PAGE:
This week, as donors scrambled to send aid to flood-ravaged Pakistan, some were also busy defending their causes.

The U.K., which pledged 5 million pounds (USD7.9 million) for Pakistani flood victims through UNICEF, unveiled its new foreign aid plan, with a focus on women’s issues such family planning and girls’ education. The British government said it is “morally right” to aid poor nations. U.K. aid chief Andrew Mitchell argued that while charity does start at home, it “doesn’t stop there.”

Apart from saving Pakistani lives, the U.S., mapped out its strategies for Afghanistan and the Millennium Development Goals.

The U.S. is providing USD10 million in aid, as well as helicopters, boats, pre-fabricated bridges, mobile water treatment units, and emergency food supplies to address humanitarian needs of Pakistani flood victims. The U.S. Agency of International Development, which is expected to spend a record amount in procurement over the next two months, has also deployed humanitarian relief experts to work with the Pakistani government and manage the overall U.S. response effort.

Accountability – along with improvements in staffing, contracting, and direct assistance – lays the groundwork for U.S. development operation in Afghanistan, USAID chief Rajiv Shah said. The move came amid reports that U.S. aid money may have been part of the billions of dollars in cash flown out of Afghanistan each year. The U.S. special representative for Afghanistan and Pakistan, Richard Holbrooke, said the U.S. is “not missing money.”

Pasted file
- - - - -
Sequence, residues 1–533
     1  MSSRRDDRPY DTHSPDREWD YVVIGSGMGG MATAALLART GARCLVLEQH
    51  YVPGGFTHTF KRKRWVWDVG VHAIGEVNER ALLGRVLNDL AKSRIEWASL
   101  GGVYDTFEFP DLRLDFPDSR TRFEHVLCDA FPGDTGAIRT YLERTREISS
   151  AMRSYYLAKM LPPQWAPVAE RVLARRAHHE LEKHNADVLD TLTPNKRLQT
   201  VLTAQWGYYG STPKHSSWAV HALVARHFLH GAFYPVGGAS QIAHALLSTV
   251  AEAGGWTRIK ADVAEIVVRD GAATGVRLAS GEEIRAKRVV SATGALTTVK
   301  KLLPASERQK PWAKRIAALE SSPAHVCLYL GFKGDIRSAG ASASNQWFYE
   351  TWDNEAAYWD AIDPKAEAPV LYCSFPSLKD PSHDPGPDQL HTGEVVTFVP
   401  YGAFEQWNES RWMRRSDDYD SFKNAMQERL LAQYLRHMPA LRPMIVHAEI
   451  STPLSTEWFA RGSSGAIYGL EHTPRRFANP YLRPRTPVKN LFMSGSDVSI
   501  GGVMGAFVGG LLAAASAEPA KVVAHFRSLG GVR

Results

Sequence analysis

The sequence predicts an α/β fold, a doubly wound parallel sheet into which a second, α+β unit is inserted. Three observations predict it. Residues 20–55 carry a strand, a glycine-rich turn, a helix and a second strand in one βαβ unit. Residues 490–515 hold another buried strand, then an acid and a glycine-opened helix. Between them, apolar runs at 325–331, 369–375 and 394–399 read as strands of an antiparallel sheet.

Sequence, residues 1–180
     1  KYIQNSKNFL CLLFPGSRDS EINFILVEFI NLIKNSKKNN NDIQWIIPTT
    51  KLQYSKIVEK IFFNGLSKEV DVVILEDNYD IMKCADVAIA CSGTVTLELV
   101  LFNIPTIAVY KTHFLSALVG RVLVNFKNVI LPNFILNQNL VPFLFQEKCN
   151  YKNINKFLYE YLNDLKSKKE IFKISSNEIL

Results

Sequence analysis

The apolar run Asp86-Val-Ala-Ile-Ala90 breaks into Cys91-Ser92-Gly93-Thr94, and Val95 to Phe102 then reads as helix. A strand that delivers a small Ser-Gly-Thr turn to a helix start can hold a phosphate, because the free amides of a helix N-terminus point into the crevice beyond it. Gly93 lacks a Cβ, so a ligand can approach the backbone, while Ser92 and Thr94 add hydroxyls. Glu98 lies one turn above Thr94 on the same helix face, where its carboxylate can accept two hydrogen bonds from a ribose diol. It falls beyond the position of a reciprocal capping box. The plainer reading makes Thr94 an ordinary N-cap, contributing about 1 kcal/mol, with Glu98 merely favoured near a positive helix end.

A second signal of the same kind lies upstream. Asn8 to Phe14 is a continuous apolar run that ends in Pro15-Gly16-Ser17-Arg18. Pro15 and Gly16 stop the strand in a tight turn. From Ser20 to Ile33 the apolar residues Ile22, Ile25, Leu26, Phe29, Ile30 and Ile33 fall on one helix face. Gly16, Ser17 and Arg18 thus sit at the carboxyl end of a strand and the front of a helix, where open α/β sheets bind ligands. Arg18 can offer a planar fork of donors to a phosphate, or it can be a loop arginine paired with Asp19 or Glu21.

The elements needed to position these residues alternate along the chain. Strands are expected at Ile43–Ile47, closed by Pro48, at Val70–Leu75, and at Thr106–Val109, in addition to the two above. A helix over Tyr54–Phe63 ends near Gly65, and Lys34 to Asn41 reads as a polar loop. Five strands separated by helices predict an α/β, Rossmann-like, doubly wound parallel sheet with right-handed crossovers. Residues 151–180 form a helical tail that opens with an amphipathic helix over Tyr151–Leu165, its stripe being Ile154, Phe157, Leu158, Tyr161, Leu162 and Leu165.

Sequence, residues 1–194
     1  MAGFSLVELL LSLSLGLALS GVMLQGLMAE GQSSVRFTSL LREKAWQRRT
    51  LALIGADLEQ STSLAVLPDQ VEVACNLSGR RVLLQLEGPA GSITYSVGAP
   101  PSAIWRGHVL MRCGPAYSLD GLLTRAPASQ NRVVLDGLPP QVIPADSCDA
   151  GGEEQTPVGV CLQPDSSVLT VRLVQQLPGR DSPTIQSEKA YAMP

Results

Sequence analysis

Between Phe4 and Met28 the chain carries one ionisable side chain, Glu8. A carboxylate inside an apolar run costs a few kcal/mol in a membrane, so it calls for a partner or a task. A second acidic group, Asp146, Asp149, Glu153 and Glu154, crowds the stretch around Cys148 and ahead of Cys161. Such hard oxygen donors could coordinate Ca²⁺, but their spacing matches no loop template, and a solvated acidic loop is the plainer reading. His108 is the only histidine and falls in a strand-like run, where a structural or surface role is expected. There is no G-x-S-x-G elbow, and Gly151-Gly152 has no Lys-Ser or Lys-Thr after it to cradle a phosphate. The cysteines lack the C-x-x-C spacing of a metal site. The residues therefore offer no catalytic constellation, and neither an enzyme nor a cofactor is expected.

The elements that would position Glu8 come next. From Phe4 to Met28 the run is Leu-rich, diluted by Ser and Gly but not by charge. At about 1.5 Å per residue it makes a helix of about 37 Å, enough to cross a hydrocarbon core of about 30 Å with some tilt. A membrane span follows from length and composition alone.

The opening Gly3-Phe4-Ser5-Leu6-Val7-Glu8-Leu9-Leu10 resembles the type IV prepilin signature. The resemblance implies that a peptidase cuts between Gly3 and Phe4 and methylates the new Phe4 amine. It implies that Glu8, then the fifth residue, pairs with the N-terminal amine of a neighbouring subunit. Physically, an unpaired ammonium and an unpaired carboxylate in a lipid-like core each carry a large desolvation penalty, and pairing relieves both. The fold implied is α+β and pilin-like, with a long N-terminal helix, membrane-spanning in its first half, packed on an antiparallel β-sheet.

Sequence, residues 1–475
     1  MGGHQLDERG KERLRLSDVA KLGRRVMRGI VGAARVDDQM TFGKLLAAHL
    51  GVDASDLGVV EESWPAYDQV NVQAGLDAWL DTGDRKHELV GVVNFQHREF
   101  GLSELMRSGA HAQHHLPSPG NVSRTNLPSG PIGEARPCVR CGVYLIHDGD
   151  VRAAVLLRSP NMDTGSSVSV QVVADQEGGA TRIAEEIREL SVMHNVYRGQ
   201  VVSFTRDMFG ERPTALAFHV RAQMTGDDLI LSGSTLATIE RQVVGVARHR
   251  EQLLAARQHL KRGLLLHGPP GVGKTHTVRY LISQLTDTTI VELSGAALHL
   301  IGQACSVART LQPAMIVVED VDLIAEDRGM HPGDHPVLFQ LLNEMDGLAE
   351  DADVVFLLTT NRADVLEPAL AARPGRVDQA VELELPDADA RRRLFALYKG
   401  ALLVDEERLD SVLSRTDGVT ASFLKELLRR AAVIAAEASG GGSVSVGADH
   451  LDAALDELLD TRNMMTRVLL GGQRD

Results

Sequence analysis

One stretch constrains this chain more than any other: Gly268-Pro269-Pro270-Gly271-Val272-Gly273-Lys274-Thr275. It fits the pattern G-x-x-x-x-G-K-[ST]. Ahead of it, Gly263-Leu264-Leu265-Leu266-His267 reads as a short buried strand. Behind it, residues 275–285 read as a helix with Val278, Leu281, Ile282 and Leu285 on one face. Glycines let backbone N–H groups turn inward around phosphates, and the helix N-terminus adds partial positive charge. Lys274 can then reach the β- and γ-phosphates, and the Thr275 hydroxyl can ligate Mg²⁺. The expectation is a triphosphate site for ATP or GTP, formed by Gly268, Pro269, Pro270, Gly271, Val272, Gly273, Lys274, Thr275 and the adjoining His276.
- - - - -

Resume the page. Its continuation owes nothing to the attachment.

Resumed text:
The U.S. government’s MDG action plan, unveiled July 30, places a premium on innovation, sustainability, tracking development outcomes and mutual accountability. The development community appears to be divided over the strategy.

The European Union, meanwhile, has committed 30 million euros (USD39 million) to assist flood victims and other vulnerable groups in Pakistan. The bloc has also kicked off the selection process of diplomats to serve as members of the European External Action Service, with European Union foreign affairs chief Catherine Ashton in charge of the screening of applicants. The EU is exploring counting in-kind donations and volunteer cost toward match-funding targets to simplify the method through which it provides funds to charities.

Donor nations including China, Australia and Canada, United Nations agencies, and aid organizations are contributing to Pakistani relief efforts.


-Miroslav Kalousek – European Investment Bank governor for the Czech Republic.

-Carman Lapointe-Young – undersecretary-general for the U.N. Office of Internal Oversight Services.

-Anton Rop – vice president and member of the management committee at EIB.

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